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Biker Culture - "A Poetry in Motion"

Biker poetry grew out of the predominantly American lifestyle of the Biker

by Ujjwal Dey

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Biker poetry is a movement of poetry that grew out of the predominantly American lifestyle of the Biker and Motorcycle clubs following World War II. Biker lifestyle is what refers to the changes in society through what was Biker Culture.

Famous Authors such as Hunter S. Thompson are credited with writing biker poetry, playing no small part in the genus by making biker culture well-known to average citizens with his Hells Angels novel. It introduced a literary movement that focused on the biker culture when he released the first novel about bikers for non-biker readers of books - bringing biker culture into mainstream media. Biker Magazines came much later.

Some say Biker Poetry came into mainstream publishing focus on a farm in Colorado in 1975, which was attended by an assortment of bikers and hippies and a young Hunter S. Thompson and Sky. Since then, biker poetry is a genre getting a revival while the beatnik poetry that shaped them are still etched in our memories.

Biker poetry often embraces form, and may include fixed verse, free verse, folk song, concrete poetry, poetry slam and even "Baiku", a form of Haiku.

Notable biker poets include Diane Wakoski, who authored a collection known as The Motorcycle Betrayal Poems. Writers such as Colorado T. Sky and K Peddlar Bridges work with experimental poetry, however the biker genre tends to work with form, especially rhyming verse.

Groups such as The Highway Poets Motorcycle Club have an international membership. The inspiration for HPMC was on a farm called Baldspot near Mullen, Colorado - with all the usual suspects combining hippies, locals, bikers were present. James T Sky later met up with beatnik legend Allen Ginsberg who said that the Highway Poets MC could be what Beat Poets were for his generation.

Only in 1990, The Highway Poets Motorcycle Club was formally officially founded and named at Cambridge, MA. Since 2002, they have grown in international membership widely.

The Biker Poem genre was a regular feature in many motorcycle magazines and motorcycle rallies through the 1970s.

Biker Poetry is similar to cowboy poetry in that it can reflect a romantic American lifestyle. Verse will often focus on the loneliness or camaraderie associated with motorcycling, the day-to-day affairs of maintenance on the motorcycle, personal problems within a family that lives a biker lifestyle as well as substance abuse and its relation to bikers.

Other popular themes include "the freedom of the road", outlaw clubs, interactions with cars and trucks (also referred to as 'cages'), biker values and practices, and the conflicts and tragedies associated with highway incidents.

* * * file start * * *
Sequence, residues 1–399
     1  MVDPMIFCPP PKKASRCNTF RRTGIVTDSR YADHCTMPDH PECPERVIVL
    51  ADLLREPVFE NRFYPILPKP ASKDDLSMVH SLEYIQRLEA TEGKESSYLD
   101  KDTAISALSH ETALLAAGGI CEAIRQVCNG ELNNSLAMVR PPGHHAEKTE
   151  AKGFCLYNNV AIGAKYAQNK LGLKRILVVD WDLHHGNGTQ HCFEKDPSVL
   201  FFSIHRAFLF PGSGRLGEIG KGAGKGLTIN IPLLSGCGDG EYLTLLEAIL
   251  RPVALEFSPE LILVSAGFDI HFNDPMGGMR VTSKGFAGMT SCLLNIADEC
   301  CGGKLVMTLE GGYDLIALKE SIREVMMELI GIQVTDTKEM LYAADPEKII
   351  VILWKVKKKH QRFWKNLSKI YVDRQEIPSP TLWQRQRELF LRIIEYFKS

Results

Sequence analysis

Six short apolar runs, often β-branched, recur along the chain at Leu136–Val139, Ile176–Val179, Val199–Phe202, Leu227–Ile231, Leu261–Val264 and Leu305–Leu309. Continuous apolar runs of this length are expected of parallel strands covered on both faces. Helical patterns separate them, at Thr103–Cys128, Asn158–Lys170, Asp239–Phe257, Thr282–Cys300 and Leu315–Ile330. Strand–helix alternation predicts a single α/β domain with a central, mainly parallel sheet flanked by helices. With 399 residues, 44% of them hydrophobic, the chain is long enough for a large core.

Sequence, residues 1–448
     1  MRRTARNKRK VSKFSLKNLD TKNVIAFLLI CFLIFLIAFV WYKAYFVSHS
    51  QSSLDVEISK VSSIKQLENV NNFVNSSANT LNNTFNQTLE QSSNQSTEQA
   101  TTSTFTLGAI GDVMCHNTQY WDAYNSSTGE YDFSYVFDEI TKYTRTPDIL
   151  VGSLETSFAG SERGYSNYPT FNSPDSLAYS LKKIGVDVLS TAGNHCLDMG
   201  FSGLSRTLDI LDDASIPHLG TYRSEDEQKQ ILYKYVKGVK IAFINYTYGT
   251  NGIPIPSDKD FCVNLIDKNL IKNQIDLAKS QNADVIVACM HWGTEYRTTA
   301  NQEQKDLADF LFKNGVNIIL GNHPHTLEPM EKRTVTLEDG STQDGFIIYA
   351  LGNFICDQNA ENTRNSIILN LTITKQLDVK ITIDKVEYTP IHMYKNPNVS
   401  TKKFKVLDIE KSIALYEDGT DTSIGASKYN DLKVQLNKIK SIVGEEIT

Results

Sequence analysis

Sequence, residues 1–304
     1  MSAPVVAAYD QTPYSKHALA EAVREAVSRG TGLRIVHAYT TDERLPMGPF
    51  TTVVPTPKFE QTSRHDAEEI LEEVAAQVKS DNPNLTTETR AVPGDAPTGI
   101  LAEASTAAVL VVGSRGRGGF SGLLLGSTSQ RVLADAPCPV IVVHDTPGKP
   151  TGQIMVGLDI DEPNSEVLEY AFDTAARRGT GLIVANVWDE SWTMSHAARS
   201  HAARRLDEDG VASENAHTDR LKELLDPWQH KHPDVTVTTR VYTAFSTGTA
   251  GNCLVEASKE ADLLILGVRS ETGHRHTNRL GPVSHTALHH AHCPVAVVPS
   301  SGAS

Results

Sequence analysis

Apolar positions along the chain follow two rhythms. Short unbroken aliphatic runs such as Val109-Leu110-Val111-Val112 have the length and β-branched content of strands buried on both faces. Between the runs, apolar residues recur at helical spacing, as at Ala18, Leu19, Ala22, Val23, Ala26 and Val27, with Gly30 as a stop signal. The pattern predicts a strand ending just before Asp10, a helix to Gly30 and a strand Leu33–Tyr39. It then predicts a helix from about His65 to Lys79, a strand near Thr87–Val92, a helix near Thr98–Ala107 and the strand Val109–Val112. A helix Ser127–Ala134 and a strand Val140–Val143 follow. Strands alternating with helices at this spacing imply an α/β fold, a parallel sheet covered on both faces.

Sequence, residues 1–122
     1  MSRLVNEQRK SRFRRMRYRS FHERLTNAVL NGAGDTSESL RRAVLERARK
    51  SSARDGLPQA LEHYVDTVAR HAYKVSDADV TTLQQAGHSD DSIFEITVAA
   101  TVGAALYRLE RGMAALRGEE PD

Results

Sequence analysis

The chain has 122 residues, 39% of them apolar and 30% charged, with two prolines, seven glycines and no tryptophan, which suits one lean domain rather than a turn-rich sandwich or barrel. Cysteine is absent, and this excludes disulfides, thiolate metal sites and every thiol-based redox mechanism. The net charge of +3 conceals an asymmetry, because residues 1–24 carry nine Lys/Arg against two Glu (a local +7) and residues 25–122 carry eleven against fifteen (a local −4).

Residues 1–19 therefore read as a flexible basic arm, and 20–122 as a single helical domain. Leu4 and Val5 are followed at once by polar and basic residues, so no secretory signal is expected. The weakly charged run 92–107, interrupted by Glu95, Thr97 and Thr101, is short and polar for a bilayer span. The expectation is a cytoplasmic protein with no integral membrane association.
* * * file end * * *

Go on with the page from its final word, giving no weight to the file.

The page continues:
Biker poets often use pseudonyms. These include "The Holy Ranger" (Dr. Martin Jack Rosenblum), "Wild Bill, the Alaskan Biker Poet" (William B Rogers), "Ironhorse Writer" (Laurence P. Scerri), "Gypsypashn" (Betsy Lister), "Biker Jer" (Jerry Sawinski), “Renegade” (K. Randall Ball) and "Joe Go" (Jose Gouveia).

The use of pseudonyms is mentioned by qualified anthropologist Daniel Wolf in his book published by University of Toronto Press. His research bridged the gap between image and reality by becoming an insider. He suggests that - the image of the outlaw biker is widely recognized in North American society but the reality is only known to insiders.

Daniel R. Wolf teaches anthropology at the University of Prince Edward Island. His Biker pseudonym was “Coyote.” As a member of Rebels MC he stood shoulder-to-shoulder with 20 fellow members at a parking lot to brawl with 40 members of the Canadian Airborne Regiment, elite paratroop fighting force. Just to defend their social territory, which was a bar called Kingsway Motor Inn. Coyote was concerned his PhD dissertation would fail by being absent at University if the fight led to him being in a prison.

Daniel R. Wolf is now a psychological anthropologist who has worked at the University of Prince Edward Island, Nova Scotia, among other gigs. He is the only anthropologist ever to choose an outlaw motorcycle club as the topic of his doctoral study. Coyote — the pseudonym given to him by his Rebels brothers was because he wore a coyote pelt over his helmet.

Wolf was brought up on the streets of a lower-class neighborhood. Instead of being shot down like his childhood best friend, he worked in meat-packing plants for thirteen hours a day and put himself through university. He also bought himself a British-made Norton motorcycle. He later switched to a 1955 Harley-Davidson Panhead and then a ’72 Electraglide.